a water source tube within the housing;
a pump within the housing connected to the water source tube;
a drain connected to the interior of the housing; and
a drain tube connected to the drain, where an interior diameter of the drain tube is not less than three inches, whereby the drain tube provides an advantage of receiving mud chunks and grease chunks there through.
6. The utility washer of claim 5, where the basket is an openwork container having a depth that is approximately five inches.
7. The utility washer of claim 1, further comprising:
a drain tube connected to a drain, where an interior diameter of the drain tube is not less than three inches, whereby the drain tube provides an advantage of receiving mud chunks and grease chunks there through.
8. The utility washer of claim 1, where the rack includes a frame having horizontal elements and vertical elements, where no more than nine vertical elements intersect seven horizontal elements to form sixty-four small openings and eight large openings that are larger than the sixty-four small openings, whereby the large openings provide the advantage of receiving a vacuum hose threaded through the large openings for cleaning of the vacuum hose.
9. The utility washer of claim 8, where the sixty-four small openings further include a diagonal element that bisects the small openings.
10. The utility washer of claim 9, where each diagonal element is a tine configured to be located in one of an upward vertical position and a flat horizontal position.
11. The utility washer of claim 10, where there are nine pairs of rails.
12. The utility washer of claim 11, where at least two nozzles are flexibly curved, Gooseneck-style nozzles, each of which is configured to be positioned in a predetermined position to train high pressure streams of water toward selected preselected articles.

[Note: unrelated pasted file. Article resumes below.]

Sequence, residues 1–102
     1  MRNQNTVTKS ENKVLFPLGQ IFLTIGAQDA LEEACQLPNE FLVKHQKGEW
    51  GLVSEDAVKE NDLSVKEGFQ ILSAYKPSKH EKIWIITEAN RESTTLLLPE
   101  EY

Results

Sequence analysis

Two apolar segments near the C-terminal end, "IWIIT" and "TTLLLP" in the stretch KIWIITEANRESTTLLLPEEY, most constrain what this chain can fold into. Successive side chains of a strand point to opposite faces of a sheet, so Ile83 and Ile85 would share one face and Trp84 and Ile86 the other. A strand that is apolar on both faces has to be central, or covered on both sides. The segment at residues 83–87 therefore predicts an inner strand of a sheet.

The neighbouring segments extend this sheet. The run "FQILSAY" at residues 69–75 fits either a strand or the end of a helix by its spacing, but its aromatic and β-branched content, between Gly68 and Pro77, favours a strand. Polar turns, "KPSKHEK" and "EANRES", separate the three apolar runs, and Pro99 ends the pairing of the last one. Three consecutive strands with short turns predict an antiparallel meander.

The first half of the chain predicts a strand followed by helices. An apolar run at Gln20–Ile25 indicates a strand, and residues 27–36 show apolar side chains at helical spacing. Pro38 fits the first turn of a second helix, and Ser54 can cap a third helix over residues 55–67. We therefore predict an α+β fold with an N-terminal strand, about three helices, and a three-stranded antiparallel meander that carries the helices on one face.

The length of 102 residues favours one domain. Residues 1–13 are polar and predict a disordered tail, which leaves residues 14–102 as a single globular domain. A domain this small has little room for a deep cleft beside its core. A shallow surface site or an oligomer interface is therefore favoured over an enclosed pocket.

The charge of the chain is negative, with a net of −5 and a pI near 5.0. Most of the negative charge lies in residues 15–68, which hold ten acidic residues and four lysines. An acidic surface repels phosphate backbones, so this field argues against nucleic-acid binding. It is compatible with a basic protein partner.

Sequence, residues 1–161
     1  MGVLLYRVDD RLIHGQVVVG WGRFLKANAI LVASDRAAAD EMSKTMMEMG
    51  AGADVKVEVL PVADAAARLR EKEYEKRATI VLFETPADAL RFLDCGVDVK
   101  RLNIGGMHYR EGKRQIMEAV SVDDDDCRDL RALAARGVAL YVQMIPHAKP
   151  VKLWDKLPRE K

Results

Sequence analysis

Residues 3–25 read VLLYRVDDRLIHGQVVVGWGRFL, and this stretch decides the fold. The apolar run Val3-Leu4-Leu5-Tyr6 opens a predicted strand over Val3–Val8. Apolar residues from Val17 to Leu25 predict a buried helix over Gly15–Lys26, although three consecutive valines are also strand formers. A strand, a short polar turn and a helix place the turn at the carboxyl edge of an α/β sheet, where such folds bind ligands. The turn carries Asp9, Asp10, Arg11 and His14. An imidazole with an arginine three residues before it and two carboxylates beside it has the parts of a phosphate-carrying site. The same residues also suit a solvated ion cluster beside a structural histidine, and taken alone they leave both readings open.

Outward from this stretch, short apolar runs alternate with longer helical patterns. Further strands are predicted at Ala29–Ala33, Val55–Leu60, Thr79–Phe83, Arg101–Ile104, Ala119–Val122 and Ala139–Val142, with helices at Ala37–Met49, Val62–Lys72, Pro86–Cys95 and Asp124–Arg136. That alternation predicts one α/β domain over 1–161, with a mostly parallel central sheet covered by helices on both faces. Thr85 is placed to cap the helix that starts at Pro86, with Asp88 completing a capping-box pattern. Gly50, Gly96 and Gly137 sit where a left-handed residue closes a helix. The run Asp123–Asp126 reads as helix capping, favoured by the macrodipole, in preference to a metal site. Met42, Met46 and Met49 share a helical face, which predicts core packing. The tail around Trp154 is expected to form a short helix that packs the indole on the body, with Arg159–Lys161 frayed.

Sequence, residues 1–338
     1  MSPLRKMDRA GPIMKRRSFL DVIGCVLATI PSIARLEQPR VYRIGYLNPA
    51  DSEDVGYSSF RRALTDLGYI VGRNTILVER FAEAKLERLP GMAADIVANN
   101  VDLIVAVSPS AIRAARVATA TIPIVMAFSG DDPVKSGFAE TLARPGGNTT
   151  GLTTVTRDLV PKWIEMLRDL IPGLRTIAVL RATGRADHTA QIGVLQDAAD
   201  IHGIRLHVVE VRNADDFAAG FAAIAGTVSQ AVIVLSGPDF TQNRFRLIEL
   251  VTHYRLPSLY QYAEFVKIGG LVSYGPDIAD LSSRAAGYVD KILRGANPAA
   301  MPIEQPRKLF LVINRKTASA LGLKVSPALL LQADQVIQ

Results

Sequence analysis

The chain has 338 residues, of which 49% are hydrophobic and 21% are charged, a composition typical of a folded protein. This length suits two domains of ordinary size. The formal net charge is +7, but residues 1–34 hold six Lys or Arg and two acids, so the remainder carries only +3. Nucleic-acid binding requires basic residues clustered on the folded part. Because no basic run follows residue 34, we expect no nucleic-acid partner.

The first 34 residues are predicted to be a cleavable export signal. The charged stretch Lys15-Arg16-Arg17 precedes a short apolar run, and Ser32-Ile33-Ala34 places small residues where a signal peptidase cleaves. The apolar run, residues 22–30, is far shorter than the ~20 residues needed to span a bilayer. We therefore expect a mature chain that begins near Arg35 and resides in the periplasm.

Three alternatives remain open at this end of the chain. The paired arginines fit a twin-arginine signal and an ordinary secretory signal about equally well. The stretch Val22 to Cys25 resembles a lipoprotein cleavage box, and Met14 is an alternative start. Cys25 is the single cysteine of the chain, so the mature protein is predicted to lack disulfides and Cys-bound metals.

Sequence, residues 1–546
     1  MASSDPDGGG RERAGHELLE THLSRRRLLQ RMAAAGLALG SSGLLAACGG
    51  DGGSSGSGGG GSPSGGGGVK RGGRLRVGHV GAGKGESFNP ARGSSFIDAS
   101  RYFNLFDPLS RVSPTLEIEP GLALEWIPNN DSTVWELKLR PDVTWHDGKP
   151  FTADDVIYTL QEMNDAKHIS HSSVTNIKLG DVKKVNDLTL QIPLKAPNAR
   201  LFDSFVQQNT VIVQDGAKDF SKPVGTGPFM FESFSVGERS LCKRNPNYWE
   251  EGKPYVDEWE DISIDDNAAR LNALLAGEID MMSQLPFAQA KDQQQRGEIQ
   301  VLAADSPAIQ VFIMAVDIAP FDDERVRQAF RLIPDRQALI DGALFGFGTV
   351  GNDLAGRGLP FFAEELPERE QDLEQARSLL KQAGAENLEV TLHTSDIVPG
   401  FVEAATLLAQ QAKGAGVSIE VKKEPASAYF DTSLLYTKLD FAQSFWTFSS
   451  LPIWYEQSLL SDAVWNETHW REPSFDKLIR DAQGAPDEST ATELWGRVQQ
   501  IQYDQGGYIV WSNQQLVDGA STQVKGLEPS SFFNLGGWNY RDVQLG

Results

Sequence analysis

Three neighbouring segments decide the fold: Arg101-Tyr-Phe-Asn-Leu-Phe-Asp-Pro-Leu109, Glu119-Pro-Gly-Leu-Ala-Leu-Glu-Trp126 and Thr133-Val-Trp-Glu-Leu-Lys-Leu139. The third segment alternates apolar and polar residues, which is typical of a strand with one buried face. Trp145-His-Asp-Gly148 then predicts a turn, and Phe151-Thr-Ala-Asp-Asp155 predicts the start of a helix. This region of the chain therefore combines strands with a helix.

13. The utility washer of claim 1, where the housing approximately measures 2˝ by 3˝ by 4 feet.
14. The utility washer of claim 1, where approximately a height of the housing measures from 3˝ to 4 feet and a length of the housing measures 2 to 2˝ feet.
15. A utility washer, comprising:
a housing having a housing interior that includes nozzles and a rack supported by rails, where the nozzles include top nozzles and bottom nozzles;
a door connected to the housing to removably cover an opening to the housing interior, where the door includes a removable exterior panel covering a door interior and a door hose where the removable exterior panel is accessible from outside the housing when the door is closed and the door hose is located completely within the door interior behind the removable exterior panel, where the door hose is connected at a first end to a door hose attachment fixed within the door interior, and where the utility washer is configured to draw up liquid into an open second end of the door hose through the door hose and then into the door hose attachment; and
control switches attached to the door, where the control switches include settings for water temperature, water/steam force, wash/cleaning level, position of articles within the utility washer, and drying;
a basket within the interior of the housing;
a power cord connected to the housing;
a heating element within the interior of the housing;
a water source tube within the housing;
a pump within the housing connected to the water source tube;
a drain connected to the interior of the housing; and
a drain tube connected to the drain, where an interior diameter of the drain tube is not less than three inches, whereby the drain tube provides an advantage of receiving mud chunks and grease chunks there through.